Image: Oscar S. Wyatt Jr.
Louis Lanzano  /  AP file
Oscar S. Wyatt Jr., pictured, allegedly notified the Iraqi government that the United States would bomb Iraq, when it would invade Iraq and how many soldiers would be sent.
updated 8/14/2007 9:38:36 PM ET 2007-08-15T01:38:36

A document that suggests a Texas oil man provided the Iraqi government with information about when the United States would invade should be excluded from his upcoming trial, his lawyers say.

Oscar S. Wyatt Jr. is scheduled to go on trial next month on charges that he conspired to pay millions of dollars in kickbacks to Saddam Hussein’s regime to win contracts under the United Nations’ oil-for-food program in Iraq.

His lawyers said in court papers filed Monday and made public Tuesday that highly prejudicial and irrelevant statements were contained in a diary kept by an employee of Iraq’s State Oil Marketing Organization.

“This document essentially alleges that Wyatt has committed the deplorable crime of treason and aided an enemy of the United States,” the lawyers wrote.

The diary contains one entry suggesting Wyatt notified the Iraqi government that the United States would bomb Iraq, when it would invade Iraq and how many soldiers would be sent, the papers said.

“Such a document is undeniably prejudicial, as a jury sitting during the pendency of the ongoing Iraq war would potentially be prejudiced against Wyatt upon learning that he allegedly gave information about the United States invasion to Iraqi officials,” the papers said.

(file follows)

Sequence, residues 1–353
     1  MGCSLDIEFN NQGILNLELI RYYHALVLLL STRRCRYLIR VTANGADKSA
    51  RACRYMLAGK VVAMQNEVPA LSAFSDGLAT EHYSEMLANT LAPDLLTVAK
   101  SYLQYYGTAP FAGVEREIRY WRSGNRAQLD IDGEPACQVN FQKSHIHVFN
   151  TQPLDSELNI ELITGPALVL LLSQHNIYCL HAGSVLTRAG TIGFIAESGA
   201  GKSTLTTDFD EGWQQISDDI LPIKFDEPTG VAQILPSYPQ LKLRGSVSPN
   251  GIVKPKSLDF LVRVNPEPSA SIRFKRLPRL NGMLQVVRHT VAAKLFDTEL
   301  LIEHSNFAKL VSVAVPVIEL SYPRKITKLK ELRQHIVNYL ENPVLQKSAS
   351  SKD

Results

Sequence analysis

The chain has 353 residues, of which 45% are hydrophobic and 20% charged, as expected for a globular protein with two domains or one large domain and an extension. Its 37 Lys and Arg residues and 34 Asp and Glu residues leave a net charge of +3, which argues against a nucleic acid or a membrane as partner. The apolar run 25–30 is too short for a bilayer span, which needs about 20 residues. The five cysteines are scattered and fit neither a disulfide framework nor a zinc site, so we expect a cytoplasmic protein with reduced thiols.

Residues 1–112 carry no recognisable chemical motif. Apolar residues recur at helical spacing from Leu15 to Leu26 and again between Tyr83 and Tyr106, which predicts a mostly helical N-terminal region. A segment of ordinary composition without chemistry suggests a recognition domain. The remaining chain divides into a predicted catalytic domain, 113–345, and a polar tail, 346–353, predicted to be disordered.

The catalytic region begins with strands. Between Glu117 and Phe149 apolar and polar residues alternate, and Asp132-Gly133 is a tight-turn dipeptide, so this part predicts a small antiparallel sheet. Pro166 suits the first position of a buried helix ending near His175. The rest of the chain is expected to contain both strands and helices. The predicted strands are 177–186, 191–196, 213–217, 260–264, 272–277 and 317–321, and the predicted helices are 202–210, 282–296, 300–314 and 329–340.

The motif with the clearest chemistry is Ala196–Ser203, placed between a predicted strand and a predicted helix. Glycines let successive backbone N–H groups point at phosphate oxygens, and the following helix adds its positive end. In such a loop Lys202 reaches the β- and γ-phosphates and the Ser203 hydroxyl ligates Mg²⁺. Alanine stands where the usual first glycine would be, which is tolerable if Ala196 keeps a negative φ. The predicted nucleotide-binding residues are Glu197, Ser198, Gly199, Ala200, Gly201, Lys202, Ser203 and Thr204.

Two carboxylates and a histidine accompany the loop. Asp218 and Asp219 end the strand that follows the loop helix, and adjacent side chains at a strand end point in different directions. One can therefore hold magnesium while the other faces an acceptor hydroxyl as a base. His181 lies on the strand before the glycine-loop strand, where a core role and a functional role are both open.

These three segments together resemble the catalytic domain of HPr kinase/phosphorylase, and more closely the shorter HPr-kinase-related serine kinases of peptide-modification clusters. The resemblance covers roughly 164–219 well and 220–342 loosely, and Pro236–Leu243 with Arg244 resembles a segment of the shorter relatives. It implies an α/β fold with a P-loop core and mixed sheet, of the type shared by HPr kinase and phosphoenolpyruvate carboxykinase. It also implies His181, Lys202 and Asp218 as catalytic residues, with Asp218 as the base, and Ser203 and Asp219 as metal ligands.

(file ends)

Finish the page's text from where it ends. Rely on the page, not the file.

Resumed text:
The document also claims Wyatt, of Houston, persuaded Sen. Edward Kennedy to deliver a speech against the war with Iraq, the lawyers wrote. A spokeswoman for Kennedy, D-Mass., did not immediately return a telephone message seeking comment.

It was unclear how Wyatt might have known details of the American invasion of Iraq.

Prejudicial evidence?
The lawyers also asked that the government be blocked from showing the jury evidence that links payments made by Wyatt to the State Oil Marketing Organization directly to Saddam.

“Hussein has remained one of the most hated individuals in the world,” the lawyers said, calling the evidence extremely prejudicial.

Prosecutors, in their own submission, outlined key parts of their case, saying they will prove Wyatt provided millions of dollars of secret financial assistance to the Saddam regime in the 1990s, even before the oil-for-food scheme.

The government said Wyatt was granted the very first oil allocation under the oil-for-food program in 1996 and continued to receive allocations through 2002, long after Saddam’s regime stopped awarding allocations to other U.S. citizens and companies.

The oil-for-food program, which ran from 1996 to 2003, was created to help Iraqis cope with U.N. sanctions imposed after Saddam’s 1990 invasion of Kuwait. It let the Iraqi government sell oil primarily to buy humanitarian goods.

Wyatt, Saddam pictured
Prosecutors said Wyatt’s co-defendant, David Chalmers, enjoyed a cozy relationship with Iraq in the 1980s and used that to secure oil allocations. They made no reference in their letter to Judge Denny Chin to the diary entry that Wyatt’s lawyers sought to exclude.

In separate papers, Chalmers’ lawyers asked that evidence against Wyatt — including a picture of Wyatt with Saddam — be excluded from trial.

Chalmers and Wyatt, in his early 80s, each could face more than 60 years in prison if convicted. They have pleaded not guilty. Wyatt, the founder and former chairman of Coastal Corp., is scheduled to go to trial in early September.

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